My favorite way to move heavy rocks is a dolly with big fat pneumatic tires. Wrapping a tire chain around it really helps to self load some awkward sized rocks. Notice the steel tipped work boots.
I can move rocks up to 300 pounds with the dolly.
Some rocks were to big to safely roll uphill so I lassoed them with a tire chain and used a come-along to drag them uphill.
The rock was digging a deep furrow in the soft dirt, so I used the bar to pry it up and shovel some dirt under it.
I finally finished my firepit built over several years. Notice my wagon in the background.
The 6ft x 9ft, 5ft deep firepit was dug by hand and is lined with about 12 tons of rock cemented together. Yes these old bones get kind of dusty doing this sort of work. We did dig up some old bones when we were first excavating the RR with a rented Bobcat skid steer loader, which saved a whole lot of time and backwork. Dug up the backyard in about a day.
Dirt for all the hills came from excavating the river with the Bobcat. The original dirt level is about where the track is now. Very little extra dirt was brought in, which saved alot of work. If you dig the river down 2 feet and pile it up 2 feet high next to the river, it looks like the hill is 4 feet high. Some big chunks of sidewalk were buried under some of the hills by the Bobcat. Smaller chunks of concrete sidewalk would have been better with less interferance with plant roots. All the rocks however were brought in and placed by hand. I used a come-along and wood ramp to load some of the big rock on my pickup truck. The back yard RR area is roughly 60ft X 70ft, and I have been working on it over about 20 years.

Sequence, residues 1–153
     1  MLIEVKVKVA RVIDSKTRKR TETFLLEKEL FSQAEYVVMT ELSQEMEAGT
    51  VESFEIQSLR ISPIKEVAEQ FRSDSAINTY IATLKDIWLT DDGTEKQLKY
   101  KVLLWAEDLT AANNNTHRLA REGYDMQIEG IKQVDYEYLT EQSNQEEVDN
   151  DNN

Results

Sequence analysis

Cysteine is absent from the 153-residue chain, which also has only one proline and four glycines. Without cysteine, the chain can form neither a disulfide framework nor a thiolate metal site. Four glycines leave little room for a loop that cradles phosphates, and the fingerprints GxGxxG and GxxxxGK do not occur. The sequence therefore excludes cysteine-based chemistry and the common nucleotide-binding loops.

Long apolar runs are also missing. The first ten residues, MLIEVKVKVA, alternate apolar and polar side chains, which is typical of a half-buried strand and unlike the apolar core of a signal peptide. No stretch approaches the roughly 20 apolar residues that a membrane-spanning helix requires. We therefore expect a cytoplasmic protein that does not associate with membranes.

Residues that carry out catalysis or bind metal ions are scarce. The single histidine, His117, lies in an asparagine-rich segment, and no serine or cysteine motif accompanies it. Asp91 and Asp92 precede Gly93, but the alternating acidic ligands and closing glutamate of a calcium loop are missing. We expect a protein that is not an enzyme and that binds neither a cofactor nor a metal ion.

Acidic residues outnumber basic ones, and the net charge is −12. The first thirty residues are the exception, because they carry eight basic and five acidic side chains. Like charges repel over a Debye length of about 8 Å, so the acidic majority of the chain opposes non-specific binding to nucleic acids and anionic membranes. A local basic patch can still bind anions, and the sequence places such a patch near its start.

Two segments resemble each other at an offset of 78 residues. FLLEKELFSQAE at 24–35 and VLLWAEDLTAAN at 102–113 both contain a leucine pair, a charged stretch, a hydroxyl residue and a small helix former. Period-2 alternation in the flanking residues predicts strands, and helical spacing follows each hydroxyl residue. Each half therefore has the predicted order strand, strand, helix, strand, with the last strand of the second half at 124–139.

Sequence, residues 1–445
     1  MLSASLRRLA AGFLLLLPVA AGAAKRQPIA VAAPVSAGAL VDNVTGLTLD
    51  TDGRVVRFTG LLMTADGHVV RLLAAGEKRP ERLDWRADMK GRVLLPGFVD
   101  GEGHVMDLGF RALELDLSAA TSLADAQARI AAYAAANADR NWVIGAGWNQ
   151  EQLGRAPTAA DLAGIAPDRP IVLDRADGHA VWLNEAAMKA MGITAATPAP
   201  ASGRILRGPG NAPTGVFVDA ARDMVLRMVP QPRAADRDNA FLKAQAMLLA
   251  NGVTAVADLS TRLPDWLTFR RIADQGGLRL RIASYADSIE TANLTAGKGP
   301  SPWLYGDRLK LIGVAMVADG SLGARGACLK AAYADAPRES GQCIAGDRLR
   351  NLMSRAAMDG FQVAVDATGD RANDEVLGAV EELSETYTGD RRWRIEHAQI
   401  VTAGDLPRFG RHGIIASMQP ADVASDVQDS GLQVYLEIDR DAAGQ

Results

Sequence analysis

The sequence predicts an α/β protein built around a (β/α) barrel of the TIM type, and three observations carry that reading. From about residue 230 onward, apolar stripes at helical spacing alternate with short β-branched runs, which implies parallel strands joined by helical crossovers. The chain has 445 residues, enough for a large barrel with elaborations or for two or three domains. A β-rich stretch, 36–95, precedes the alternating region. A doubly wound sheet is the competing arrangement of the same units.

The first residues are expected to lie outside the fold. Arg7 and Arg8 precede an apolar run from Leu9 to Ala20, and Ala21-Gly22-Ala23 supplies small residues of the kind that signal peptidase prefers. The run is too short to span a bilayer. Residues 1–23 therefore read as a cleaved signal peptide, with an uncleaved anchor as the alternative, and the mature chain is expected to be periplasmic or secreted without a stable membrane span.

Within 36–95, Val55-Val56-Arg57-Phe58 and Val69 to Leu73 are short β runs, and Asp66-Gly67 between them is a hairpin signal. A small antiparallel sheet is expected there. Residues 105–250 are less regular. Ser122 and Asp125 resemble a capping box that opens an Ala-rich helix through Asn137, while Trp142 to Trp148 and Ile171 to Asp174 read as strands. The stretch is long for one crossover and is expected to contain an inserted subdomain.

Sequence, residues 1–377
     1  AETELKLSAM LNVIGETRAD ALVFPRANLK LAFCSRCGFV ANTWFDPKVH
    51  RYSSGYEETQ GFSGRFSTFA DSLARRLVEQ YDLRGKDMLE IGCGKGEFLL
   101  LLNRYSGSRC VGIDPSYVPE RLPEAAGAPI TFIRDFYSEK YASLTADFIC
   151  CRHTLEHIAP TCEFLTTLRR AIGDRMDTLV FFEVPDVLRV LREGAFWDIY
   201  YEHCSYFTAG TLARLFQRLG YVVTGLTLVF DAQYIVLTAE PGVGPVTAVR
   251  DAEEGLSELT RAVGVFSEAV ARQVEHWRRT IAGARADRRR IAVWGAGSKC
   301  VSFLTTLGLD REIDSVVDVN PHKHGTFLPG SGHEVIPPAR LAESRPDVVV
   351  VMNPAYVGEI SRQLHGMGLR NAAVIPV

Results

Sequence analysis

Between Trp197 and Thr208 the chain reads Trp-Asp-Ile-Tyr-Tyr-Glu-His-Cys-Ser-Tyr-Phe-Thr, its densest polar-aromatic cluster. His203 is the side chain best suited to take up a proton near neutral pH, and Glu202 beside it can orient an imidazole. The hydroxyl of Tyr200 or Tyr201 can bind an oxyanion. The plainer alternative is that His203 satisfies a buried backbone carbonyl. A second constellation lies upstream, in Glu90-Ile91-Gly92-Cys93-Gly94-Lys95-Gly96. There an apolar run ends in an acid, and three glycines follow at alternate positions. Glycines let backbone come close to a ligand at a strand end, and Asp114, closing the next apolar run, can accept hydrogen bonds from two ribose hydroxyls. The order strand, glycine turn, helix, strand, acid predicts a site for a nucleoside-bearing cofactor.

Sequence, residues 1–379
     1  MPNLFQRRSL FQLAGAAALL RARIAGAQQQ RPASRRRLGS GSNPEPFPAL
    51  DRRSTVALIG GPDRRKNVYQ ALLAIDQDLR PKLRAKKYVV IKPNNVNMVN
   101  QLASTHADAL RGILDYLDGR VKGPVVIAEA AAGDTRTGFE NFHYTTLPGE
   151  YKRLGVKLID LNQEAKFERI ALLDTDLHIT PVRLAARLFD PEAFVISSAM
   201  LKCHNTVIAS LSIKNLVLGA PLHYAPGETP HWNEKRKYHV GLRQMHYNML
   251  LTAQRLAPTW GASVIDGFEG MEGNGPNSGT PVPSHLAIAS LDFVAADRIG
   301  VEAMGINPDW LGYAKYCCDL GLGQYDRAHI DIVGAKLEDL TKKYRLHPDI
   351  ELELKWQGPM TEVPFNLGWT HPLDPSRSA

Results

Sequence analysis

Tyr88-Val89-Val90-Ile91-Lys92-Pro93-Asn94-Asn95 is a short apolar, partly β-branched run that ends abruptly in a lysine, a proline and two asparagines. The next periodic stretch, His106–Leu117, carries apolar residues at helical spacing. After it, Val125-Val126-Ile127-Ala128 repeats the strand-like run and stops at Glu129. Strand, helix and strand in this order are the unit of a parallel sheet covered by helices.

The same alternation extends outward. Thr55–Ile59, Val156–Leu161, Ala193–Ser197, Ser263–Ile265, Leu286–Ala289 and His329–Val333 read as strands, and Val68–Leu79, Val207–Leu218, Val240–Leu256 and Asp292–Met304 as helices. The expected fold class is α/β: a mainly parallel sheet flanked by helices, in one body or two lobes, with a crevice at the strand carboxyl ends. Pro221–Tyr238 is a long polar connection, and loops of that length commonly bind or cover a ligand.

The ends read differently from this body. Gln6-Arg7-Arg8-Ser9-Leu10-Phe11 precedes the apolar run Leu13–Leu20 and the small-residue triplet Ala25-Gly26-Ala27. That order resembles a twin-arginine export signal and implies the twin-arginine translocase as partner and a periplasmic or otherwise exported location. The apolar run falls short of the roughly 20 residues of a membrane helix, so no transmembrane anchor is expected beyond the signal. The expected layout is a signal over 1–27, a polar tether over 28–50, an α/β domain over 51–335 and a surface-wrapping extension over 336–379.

I can only admire all the effort you people expend on your railroads. I broke out into a sweat after seeing all the work required to move rocks, bricks, stones and fill dirt. I thank God that Richard Smith came up with the idea of raised wooden platforms. I could never have put that much work into my railroad without having a stroke or hernia. I have 35 eight foot platforms at levels as low as 8 inches to as high as 5 feet above ground. I was able to fabricate all the platforms over one winter season of three months. I expect to finish installing all the platforms this month. A total of two months working alone. The only dirt and rocks I will be moving will be those required to landscape my platforms. Nothing that can't fit into a five gallon bucket.
Ah, but John, the landscape is merely a canvas for an artist to work with! There's a great sense of accomplishment in shaping the landscape to suit our own individual visions.
Of course, I'd rather move rocks than dig through the concrete-like sublayer we have here in the desert Southwest called caliche (pronounced "kuh-LEE-chee")....mixed in with the caliche are lots and lots of rocks, so it makes for a joint- and bone-rattling effort. I've started using my air hammer with a chisel blade; all I have to do is push down and let the chisel blade do its work.
BTW Terl, LOVE your work!!! Thank you for sharing!!
Well I sure did break out in a sweat moving all that stuff. That's why not much got done during the hot days of summer. I tell ya, at my age there have been lots of times I wish I had got the tracks up higher off the ground, on the other hand I kind of like the way it all blends together on the ground like it is.